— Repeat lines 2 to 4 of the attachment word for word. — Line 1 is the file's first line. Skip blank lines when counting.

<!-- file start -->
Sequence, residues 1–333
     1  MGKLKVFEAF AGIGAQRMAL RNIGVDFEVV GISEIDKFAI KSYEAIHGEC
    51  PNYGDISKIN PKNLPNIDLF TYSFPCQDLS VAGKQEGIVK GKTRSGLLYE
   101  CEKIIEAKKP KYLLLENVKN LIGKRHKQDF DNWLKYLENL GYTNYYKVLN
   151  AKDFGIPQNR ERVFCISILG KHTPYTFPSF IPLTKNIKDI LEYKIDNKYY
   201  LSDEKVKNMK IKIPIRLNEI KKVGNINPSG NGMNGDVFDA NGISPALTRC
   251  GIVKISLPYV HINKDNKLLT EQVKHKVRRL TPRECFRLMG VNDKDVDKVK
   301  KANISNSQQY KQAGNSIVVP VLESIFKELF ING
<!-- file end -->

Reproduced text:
     1  MGKLKVFEAF AGIGAQRMAL RNIGVDFEVV GISEIDKFAI KSYEAIHGEC
    51  PNYGDISKIN PKNLPNIDLF TYSFPCQDLS VAGKQEGIVK GKTRSGLLYE
   101  CEKIIEAKKP KYLLLENVKN LIGKRHKQDF DNWLKYLENL GYTNYYKVLN